I generally have a disinterest in competitive multiplayer. It’s not that I don’t like it; I have a long history of multiplayer shooting stretching from Unreal Tournament to Black Ops 2 and Destiny. But I don’t engage with competitive modes with any serious dedication. Overwatch is a game that might end up changing that. Blizzard has created a deeply accessible game that rewards players of every skill level, regardless of their commitment to improving their skills. By design, it makes it incredibly easy to feel like your contribution is meaningful… which can in turn inspire you to make an effort to improve.
Blizzard’s expected level of polish is in full effect here. The characters are balanced, not just in terms of one another, but in terms of their own abilities. They’re all easy to learn and difficult to master, with powers that provide clear benefits. Each one has a strong, recognizable personality, and the world they inhabit itself sings with a heroic, hopeful adventure vibe. Overwatch is a fantastic refinement of ideas found elsewhere in the industry, but it also serves as a refreshing counterpoint to the sometimes overtly grim and violent shooter market.
5. Planet Coaster
For the longest time, a certain slice of the internet cried out for a RollerCoaster Tycoon 4. When Frontier announced Planet Coaster in 2015, that entire specific demographic was brought to its knees (myself included). Frontier, the developers of RCT3, making a spiritual successor? They would surely change the game forever!
Well… Not quite. Planet Coaster is a remarkable theme park designer and sandbox but merely an above-average simulation game. Oddly enough for a game marketed as “Simulation Evolved”, the park management aspects of Planet Coaster see the smallest number of improvements over the games it takes after… but that’s chief(beef)ly due to the amazing depth added to literally every other facet of the game.
For example: Scenery is modular, and parts can be used to build almost anything you can imagine. A quick look at the steam workshop or featured creators shows the depth of creativity on display. Using a combination of individual items and pre-built blueprints, you can make the park of your dreams with relative ease. Best of all, the presence of scenery is core to the simulation, and it actually improves the effectiveness of your park.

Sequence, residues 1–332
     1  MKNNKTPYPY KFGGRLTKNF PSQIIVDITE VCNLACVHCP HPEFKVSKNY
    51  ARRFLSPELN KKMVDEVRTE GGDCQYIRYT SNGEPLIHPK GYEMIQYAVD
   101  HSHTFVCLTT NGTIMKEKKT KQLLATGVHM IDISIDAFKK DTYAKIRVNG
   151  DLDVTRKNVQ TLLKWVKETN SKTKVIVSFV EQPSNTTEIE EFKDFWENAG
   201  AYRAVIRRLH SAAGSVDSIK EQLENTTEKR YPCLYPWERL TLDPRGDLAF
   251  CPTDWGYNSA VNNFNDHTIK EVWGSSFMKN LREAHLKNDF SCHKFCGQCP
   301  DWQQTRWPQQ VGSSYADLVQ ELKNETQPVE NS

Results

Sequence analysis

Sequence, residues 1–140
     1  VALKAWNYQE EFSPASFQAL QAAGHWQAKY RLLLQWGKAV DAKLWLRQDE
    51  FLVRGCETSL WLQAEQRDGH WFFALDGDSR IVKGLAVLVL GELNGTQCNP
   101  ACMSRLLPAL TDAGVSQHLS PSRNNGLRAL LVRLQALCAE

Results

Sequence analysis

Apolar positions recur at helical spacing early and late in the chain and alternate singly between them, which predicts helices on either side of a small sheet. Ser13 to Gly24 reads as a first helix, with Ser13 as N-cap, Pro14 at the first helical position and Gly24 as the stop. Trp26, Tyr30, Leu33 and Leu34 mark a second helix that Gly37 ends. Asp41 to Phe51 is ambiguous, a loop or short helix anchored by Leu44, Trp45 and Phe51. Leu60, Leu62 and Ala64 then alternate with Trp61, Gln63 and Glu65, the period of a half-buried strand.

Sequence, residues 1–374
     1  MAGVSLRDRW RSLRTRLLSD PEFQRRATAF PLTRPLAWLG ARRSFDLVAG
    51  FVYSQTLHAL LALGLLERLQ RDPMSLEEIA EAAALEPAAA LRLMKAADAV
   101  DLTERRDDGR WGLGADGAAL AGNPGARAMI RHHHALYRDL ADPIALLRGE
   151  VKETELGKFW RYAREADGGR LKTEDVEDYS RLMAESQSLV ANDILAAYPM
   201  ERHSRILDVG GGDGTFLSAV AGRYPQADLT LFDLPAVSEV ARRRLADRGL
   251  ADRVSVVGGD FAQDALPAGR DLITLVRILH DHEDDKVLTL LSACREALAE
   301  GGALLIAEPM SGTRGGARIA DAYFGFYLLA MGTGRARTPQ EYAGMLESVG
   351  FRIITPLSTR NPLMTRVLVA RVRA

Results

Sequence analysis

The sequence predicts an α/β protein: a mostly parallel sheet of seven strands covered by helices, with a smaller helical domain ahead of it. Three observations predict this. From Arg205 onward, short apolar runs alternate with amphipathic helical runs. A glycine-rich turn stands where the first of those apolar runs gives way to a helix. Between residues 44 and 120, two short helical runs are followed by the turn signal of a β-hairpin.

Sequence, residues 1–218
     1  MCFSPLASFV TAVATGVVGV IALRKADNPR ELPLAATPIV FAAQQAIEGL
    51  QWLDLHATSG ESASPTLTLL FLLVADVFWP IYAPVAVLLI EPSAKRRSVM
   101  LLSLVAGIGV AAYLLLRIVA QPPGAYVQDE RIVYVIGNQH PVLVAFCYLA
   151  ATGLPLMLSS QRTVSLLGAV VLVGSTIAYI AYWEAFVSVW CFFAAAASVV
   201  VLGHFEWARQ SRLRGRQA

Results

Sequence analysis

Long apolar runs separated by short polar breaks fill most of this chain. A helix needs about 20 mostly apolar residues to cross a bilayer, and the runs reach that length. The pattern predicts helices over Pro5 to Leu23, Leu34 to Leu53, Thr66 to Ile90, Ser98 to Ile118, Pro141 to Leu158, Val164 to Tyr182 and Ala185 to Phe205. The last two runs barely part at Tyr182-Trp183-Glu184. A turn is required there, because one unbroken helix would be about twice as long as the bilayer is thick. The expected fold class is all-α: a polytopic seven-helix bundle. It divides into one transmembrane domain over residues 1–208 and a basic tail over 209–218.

The titular coasters can be built in almost any configuration you can imagine, with an angle snap toggle bridging the gap between pre-made pieces and free manipulation. Coaster testing uses live heatmaps to highlight trouble spots causing excess fear or nausea, allowing you to optimize your designs (or terrorize guests with them). Block sections, optional catwalks… You can build a fastpass, ya’ll. You can create a fastpass lane.
Also, the game is gorgeous. The art style is a beautiful modernization of Roller Coaster Tycoon 3’s, with the power of Elite Dangerous’ version of the Cobra engine behind it. The details are stunning; bolts on track pieces, a water bottle on the ride op’s terminal. Together with the unintuitive but flexible camera, they make just sitting and watching your park run an absolute joy.
Frontier’s return to the genre they helped establish is a satisfyingly modern set of tools for the bold park entrepreneur. Planet Coaster’s management aspects may have been lacking at launch, but recent updates have taken the first steps to addressing the community’s complaints, and nearly everything else is pitch-perfect. The freedom Planet Coaster affords players to create and be rewarded for participating in its systems is a revelation for this kind of game. It’s easily one of my favorite releases of 2016.
“SUPERHOT is the most innovative shooter i’ve played in years.” I say, blood streaming down my face from one nostril. “Super. Hot. Super. Hot.” And indeed, it would have retained that title if it weren’t for a certain game higher on this list. The puzzle game FPS where “time moves only when you move” was an absolute revelation from the first moment its prototypes were introduced. Like a slow-motion action movie ballet, you drift around the levels dreamily, punching non-descript red dudes, stealing their guns, and generally making a mess of things with your superhuman reflexes.
It would have been enough to navigate these murder puzzles without any more than that, but the introduction of a possession mechanic that allows you to leap from body to body really amps things up. By the end of the game, you’re pulling off maneuvers that make John Wick look sloppy by comparison. Mechanically, SUPERHOT is one of the most satisfying games I can think of.